NYT: Warnings from Antarctica

MOST EUROPEANS AND 2/3 OF BRITONS REJECT IPCC ‘CLIMATE CONSENSUS’

from Global Warming Policy Forum, July 12, 2017


A new opinion poll of 10,000 European citizens reveals majority of Europeans reject the claim that climate change is mainly or entirely caused by humans.

For the last few decades, questions about the causes and impacts of climate change have dominated the climate debate. The IPCC and many climate scientists have been claiming relentlessly that the global warming trend since the second half of the 20th century is mainly if not entirely man-made, i.e. as a result of anthropogenic greenhouse gas emissions. This dogma is habitually claimed to be the global climate consensus.

The Holocene context for Anthropogenic Global warming

by Ed Hoskins, June1, 2015


When considering the scale of temperature changes that alarmists anticipate because of Man-made Global Warming and their view of the disastrous effects of additional Man-made Carbon Dioxide emissions in this century, it is useful to look at climate change from a longer term, century by century and even on a millennial perspective.

(i) See also here

(ii) See also here

Three New Papers: Greenland 3-5°C Warmer With 40 Kilometers Less Ice Area 4,000-10,000 Years Ago

by Kenneth Richard, July 11, in ClimateChangeDispatch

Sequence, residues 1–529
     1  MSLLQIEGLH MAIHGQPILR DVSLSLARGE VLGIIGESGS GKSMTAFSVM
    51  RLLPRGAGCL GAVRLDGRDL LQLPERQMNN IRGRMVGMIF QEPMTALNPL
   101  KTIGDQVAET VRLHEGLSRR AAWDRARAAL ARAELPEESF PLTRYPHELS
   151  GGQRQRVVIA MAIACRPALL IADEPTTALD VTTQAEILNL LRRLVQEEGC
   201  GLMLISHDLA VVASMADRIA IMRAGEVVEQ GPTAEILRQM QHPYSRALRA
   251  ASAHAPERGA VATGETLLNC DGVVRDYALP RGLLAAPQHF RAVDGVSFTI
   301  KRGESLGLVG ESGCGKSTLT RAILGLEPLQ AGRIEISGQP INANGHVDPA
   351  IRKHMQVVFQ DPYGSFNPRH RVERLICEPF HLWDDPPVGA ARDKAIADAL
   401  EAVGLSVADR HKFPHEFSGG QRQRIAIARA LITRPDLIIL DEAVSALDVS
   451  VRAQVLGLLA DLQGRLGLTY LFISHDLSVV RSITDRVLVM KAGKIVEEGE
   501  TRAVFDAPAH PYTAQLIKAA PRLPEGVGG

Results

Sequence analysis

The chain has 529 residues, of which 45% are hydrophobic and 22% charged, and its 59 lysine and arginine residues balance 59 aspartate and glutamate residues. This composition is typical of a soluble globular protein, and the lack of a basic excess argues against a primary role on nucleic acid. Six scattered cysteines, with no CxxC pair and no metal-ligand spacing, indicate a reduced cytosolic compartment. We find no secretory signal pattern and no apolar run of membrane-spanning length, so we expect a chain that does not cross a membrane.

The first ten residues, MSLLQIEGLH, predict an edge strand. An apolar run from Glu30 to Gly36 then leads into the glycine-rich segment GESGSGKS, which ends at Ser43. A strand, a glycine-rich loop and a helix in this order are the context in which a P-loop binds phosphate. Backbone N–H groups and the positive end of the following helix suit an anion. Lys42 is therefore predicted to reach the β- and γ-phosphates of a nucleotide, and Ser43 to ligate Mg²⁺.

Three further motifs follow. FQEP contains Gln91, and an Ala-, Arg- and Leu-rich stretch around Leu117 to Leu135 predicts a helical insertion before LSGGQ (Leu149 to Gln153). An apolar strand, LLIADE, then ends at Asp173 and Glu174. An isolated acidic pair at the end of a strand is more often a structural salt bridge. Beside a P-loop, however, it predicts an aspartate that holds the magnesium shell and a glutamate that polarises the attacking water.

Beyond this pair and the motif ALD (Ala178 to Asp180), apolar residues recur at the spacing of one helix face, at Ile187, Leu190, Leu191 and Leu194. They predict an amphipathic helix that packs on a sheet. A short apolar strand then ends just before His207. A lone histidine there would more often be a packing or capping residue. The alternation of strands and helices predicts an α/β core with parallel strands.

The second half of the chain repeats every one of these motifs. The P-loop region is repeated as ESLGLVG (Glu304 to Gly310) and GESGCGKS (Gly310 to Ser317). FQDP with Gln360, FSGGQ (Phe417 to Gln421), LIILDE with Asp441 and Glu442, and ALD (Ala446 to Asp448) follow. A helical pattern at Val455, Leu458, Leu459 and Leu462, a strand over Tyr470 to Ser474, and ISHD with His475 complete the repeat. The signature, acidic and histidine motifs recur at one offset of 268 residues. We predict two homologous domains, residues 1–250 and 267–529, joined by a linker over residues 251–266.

It’s official. According to a new paper published in the journal Scientific Reports, Greenland has been cooling slightly since 2005.

This trend development may be a harbinger of what may be in store for the coming years.  Shifts in North Atlantic temperatures typically lead changes in the Arctic by a few years.  And throughout the North Atlantic, rapid cooling has been underway since 2005, plunging below the levels reached in the 1950s

Global energy investment fell for a second year in 2016 as oil and gas spending continues to drop

by International Energy Agency (iea), July 11, 2017


Global energy investment fell by 12% in 2016, the second consecutive year of decline, as increased spending on energy efficiency and electricity networks was more than offset by a continued drop in upstream oil and gas spending, according to the International Energy Agency’s annual World Energy Investment report.

Global energy investment amounted to USD 1.7 trillion in 2016, or 2.2% of global GDP. For the first time, spending on the electricity sector around the world exceeded the combined spending on oil, gas and coal supply. The share of clean-energy spending reached 43% of total supply investment, a record high.

Réserves de gaz dans le monde

by Connaissances des Energies, 17 février 2015


Les cinq pays disposant des plus importantes réserves de gaz au monde sont :

“The World Keeps Not Running Out of Oil”

by David Middleton, July 10, 2017 in WUWT


Hubbert’s fame in peak oil circles comes primarily from the assertion that he accurately predicted the 1970 U.S. peak. Because of this prediction, Hubbert is widely-regarded among peak oil adherents as a visionary. He has been called an oracle and a prophet. A recently published article — What Hubbert And Pickens Got Right About Oil, And What’s Next — recounts the uncanny accuracy of his prediction.

Source: Nuclear Energy and the Fossil Fuels by M. King Hubbert